It has been easy to read this in terms of structure and language, but it has been hard to read in terms of plot and characters. I’m on the fence with this.

Lei. I didn’t know whether her character would be one I’d enjoy. I didn’t know what she would become as the story progressed and I didn’t know if I would be able to relate to her or connect to her in any way. I came in with a lot of apprehensions, but I have been pleasantly surprised by Lei’s character and the way she has handled herself through the course of the book.

That fire, the essence of her character, charges like a raging animal through most of the book and it’s a kind of intensity that makes you want to keep reading. When I was 56% through the book, I was talking to my friend about all that had happened and what had annoyed/angered me, and she asked me why I was still reading it. At first, I couldn’t answer because I hadn’t paused to think why but when I did, I realized that I wanted to keep reading to see how Lei’s story ended. I needed to see where her journey took her and not just learn the ending of the book but to see if there was any hope within all the anxiety that this book caused me to have.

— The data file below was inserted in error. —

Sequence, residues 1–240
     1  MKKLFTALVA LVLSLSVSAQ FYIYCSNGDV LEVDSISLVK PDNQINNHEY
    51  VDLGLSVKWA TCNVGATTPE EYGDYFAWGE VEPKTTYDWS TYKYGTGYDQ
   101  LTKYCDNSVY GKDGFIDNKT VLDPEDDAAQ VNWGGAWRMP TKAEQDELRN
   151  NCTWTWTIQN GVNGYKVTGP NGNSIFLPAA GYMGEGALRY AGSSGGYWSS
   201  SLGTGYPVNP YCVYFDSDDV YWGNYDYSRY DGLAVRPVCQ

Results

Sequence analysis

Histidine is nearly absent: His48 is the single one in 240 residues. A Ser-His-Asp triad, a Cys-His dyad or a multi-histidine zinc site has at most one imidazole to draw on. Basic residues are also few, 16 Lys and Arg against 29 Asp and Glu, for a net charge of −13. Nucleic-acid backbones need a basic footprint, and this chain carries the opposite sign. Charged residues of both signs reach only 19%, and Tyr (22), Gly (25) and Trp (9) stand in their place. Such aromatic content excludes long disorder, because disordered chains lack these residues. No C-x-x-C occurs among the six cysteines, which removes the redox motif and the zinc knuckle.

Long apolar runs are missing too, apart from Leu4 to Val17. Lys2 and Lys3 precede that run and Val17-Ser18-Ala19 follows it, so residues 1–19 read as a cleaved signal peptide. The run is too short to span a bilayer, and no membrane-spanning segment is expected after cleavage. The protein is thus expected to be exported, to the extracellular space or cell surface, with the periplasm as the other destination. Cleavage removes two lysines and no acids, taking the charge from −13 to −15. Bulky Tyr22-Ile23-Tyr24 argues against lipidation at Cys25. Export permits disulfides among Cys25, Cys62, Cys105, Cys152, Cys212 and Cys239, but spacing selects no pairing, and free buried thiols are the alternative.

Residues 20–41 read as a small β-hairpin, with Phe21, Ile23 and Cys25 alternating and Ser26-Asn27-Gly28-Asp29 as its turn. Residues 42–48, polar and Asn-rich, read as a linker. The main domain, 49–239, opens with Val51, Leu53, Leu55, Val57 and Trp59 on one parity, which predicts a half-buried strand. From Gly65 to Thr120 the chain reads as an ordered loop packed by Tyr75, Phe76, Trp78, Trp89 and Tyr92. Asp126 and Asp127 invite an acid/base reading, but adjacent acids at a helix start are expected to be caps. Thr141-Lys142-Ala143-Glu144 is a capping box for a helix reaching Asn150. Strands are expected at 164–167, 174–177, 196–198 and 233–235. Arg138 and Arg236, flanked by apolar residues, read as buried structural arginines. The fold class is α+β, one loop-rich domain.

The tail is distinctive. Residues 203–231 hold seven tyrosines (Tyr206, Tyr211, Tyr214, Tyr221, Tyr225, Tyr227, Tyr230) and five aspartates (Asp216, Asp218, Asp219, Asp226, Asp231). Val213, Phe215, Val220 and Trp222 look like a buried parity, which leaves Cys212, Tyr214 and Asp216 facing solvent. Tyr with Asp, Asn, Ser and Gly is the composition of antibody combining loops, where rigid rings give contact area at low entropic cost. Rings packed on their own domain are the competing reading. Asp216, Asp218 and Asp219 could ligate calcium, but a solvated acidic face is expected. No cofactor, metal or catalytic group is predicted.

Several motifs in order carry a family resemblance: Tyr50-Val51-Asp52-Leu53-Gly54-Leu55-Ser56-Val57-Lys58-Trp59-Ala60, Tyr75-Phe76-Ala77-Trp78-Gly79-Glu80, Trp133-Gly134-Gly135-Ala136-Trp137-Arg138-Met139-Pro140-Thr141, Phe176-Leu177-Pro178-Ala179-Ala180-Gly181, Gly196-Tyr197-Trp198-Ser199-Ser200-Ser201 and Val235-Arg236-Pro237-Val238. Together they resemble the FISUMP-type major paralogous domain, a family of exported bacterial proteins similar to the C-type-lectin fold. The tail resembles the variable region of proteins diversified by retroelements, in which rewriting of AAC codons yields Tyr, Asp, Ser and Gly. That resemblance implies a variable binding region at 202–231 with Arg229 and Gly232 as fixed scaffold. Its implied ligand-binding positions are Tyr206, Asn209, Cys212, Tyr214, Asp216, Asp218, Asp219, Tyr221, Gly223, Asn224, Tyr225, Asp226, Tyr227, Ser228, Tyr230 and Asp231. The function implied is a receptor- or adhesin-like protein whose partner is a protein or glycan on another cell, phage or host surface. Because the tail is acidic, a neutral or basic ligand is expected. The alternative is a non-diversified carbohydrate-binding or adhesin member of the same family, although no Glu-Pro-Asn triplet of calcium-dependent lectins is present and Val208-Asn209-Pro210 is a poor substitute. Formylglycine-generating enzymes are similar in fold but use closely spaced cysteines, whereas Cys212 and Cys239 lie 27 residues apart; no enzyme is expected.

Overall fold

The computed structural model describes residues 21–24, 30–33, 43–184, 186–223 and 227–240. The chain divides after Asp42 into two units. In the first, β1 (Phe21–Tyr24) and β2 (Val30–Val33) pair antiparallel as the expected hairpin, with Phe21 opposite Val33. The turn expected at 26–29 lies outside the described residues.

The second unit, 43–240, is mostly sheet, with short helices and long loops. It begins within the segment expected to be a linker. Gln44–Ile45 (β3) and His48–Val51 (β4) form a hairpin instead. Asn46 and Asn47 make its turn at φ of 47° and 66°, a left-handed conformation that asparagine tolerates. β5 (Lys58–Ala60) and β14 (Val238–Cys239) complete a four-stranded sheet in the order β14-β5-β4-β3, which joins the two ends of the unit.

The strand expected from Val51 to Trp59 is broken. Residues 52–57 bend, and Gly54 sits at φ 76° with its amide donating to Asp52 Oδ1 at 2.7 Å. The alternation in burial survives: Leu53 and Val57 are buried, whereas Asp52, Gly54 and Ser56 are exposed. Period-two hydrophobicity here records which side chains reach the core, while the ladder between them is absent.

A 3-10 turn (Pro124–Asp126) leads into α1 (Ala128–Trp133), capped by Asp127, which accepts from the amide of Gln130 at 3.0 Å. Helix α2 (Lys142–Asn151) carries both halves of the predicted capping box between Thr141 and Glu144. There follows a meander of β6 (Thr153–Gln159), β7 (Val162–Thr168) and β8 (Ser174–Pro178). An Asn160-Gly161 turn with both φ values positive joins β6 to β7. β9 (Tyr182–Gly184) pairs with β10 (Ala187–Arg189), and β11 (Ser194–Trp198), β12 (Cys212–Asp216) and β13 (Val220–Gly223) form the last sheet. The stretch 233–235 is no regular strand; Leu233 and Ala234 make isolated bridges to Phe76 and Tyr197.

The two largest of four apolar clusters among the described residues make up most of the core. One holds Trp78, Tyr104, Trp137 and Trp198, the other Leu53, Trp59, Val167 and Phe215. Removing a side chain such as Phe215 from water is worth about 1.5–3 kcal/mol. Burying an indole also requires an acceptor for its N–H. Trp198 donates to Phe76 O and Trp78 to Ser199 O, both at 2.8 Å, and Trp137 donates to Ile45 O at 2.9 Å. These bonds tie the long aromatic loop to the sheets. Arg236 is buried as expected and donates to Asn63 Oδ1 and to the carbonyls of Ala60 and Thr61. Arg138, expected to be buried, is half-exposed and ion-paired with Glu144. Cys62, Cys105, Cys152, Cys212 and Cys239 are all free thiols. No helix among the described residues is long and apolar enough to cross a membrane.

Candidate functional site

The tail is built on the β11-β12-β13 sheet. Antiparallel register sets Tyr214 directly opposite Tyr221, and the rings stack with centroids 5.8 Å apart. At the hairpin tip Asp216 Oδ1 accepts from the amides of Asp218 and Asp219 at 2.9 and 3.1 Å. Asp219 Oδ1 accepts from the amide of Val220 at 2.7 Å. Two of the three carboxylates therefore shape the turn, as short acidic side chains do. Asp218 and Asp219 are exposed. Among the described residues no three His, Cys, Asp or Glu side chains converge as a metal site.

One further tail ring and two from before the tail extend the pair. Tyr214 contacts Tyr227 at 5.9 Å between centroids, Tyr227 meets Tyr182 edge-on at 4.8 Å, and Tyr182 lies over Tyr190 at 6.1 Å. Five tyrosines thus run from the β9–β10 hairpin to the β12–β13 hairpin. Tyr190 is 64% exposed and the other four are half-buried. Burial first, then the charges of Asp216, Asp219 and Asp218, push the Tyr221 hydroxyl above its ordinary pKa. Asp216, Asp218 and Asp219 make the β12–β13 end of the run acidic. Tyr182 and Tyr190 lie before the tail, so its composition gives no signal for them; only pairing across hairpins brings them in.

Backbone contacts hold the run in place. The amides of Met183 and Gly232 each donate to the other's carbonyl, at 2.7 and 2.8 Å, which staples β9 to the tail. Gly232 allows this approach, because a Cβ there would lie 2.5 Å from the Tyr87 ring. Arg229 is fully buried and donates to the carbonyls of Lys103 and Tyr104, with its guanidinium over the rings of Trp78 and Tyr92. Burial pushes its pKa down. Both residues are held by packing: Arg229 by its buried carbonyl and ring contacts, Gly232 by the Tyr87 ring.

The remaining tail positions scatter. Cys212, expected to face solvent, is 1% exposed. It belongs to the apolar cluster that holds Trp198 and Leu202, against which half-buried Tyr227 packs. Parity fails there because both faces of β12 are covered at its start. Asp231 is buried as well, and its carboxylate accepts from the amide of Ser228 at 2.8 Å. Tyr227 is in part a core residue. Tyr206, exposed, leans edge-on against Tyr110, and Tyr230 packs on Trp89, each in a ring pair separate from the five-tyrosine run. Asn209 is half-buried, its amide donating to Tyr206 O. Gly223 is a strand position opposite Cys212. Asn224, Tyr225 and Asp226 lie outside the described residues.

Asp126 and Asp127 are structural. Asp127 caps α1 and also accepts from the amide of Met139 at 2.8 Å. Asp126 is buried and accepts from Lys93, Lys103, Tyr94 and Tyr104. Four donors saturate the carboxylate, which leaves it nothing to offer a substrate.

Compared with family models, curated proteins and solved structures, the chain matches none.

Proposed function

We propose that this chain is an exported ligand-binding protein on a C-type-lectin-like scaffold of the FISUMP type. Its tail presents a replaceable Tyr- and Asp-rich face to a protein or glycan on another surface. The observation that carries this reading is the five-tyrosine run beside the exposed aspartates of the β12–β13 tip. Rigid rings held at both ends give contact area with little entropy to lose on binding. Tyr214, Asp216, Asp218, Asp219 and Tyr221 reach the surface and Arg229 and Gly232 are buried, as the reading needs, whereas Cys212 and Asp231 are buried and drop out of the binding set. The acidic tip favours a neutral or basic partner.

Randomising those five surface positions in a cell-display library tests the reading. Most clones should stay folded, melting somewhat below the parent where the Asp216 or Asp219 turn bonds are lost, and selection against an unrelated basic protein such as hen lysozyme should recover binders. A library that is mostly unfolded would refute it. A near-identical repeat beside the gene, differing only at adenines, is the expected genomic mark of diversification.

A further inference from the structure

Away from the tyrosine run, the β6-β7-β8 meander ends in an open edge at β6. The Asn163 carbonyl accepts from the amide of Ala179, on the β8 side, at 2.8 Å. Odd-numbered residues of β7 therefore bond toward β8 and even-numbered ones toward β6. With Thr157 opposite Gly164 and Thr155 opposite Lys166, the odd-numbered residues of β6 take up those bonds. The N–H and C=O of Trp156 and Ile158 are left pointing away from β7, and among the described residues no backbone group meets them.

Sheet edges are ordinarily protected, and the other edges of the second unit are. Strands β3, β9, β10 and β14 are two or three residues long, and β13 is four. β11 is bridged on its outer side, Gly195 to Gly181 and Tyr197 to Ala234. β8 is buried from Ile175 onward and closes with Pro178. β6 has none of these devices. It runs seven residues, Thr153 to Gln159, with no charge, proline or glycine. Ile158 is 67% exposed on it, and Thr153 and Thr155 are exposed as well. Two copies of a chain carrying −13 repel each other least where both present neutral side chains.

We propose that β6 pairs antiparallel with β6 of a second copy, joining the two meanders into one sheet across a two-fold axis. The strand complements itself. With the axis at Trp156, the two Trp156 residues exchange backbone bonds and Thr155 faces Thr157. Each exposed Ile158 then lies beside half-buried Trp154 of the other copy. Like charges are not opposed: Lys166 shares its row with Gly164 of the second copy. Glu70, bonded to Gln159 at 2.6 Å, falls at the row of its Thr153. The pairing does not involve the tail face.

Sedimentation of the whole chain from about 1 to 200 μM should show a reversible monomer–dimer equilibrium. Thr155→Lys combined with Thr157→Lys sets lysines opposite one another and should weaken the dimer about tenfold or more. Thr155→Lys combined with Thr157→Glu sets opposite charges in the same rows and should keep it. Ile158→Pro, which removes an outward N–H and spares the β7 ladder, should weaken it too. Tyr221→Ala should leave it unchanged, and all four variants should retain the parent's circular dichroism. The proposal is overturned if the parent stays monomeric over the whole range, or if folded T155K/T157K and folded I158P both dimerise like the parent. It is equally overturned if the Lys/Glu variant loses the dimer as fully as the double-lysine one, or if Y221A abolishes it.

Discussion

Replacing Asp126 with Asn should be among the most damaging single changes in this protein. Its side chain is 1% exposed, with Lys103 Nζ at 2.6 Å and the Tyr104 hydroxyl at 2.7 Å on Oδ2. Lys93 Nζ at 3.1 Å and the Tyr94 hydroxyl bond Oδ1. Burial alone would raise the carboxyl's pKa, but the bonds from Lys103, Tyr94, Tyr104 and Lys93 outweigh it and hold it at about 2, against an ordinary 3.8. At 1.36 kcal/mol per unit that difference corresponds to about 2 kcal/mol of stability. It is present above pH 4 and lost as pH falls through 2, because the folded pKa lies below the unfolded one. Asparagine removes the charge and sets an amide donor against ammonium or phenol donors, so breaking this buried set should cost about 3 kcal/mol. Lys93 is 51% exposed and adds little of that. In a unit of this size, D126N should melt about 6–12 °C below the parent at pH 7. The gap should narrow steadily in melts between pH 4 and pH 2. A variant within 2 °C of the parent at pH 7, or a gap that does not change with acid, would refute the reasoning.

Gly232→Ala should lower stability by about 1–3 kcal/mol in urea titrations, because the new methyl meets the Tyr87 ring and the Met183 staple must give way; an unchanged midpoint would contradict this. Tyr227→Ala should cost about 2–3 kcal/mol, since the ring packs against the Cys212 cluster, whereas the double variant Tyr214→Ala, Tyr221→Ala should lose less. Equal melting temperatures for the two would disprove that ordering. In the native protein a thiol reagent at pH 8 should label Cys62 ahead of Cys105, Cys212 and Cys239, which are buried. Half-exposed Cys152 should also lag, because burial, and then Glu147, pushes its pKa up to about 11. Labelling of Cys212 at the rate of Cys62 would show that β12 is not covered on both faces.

The Demon King is like an insect bite that you can’t help but itch. However, much you want that bite to go, it won’t till the course is run and that’s how I came to view the Demon King. I haven’t felt such intense hatred for a character in a long while, and I’m not entirely sure why the hate was so instant here. The Demon King’s behavior really got to me and his actions triggered me heavily. I didn’t enjoy the presence of this here.

Aoki’s character also made me shiver in a bad way. The change of her character through the book did not sit right with me in any way.

I can read the darkest of thrillers or the most shocking psychological thrillers and not bat an eyelid. I am most happy reading about murder and mystery but put me in a YA fantasy novel and I will always experience intense anxiety, sick feelings, and anger to specific actions within the book.

This was easy to visualize; the characters were individual enough to have their own strong voices and there weren’t too many scenes to make it confusing.